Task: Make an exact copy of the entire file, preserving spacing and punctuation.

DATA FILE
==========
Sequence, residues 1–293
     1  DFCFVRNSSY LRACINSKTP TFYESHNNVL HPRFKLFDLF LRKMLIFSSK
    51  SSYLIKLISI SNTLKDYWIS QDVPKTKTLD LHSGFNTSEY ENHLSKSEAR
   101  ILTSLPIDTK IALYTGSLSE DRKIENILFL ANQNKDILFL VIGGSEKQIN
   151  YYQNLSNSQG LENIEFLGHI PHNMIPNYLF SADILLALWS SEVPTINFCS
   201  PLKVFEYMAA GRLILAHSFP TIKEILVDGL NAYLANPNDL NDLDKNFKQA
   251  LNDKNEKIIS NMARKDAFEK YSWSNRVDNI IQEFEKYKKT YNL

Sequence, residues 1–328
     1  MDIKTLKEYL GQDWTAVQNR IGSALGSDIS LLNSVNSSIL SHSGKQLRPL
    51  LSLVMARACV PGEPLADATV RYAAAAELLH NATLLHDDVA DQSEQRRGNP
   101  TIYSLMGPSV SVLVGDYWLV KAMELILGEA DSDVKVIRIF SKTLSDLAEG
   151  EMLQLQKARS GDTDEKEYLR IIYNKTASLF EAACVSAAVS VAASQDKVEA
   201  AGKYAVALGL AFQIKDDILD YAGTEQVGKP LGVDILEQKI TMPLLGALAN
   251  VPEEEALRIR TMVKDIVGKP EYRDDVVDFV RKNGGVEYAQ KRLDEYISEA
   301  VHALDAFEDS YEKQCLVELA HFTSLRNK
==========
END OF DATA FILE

Sequence, residues 1–293
     1  DFCFVRNSSY LRACINSKTP TFYESHNNVL HPRFKLFDLF LRKMLIFSSK
    51  SSYLIKLISI SNTLKDYWIS QDVPKTKTLD LHSGFNTSEY ENHLSKSEAR
   101  ILTSLPIDTK IALYTGSLSE DRKIENILFL ANQNKDILFL VIGGSEKQIN
   151  YYQNLSNSQG LENIEFLGHI PHNMIPNYLF SADILLALWS SEVPTINFCS
   201  PLKVFEYMAA GRLILAHSFP TIKEILVDGL NAYLANPNDL NDLDKNFKQA
   251  LNDKNEKIIS NMARKDAFEK YSWSNRVDNI IQEFEKYKKT YNL

Sequence, residues 1–328
     1  MDIKTLKEYL GQDWTAVQNR IGSALGSDIS LLNSVNSSIL SHSGKQLRPL
    51  LSLVMARACV PGEPLADATV RYAAAAELLH NATLLHDDVA DQSEQRRGNP
   101  TIYSLMGPSV SVLVGDYWLV KAMELILGEA DSDVKVIRIF SKTLSDLAEG
   151  EMLQLQKARS GDTDEKEYLR IIYNKTASLF EAACVSAAVS VAASQDKVEA
   201  AGKYAVALGL AFQIKDDILD YAGTEQVGKP LGVDILEQKI TMPLLGALAN
   251  VPEEEALRIR TMVKDIVGKP EYRDDVVDFV RKNGGVEYAQ KRLDEYISEA
   301  VHALDAFEDS YEKQCLVELA HFTSLRNK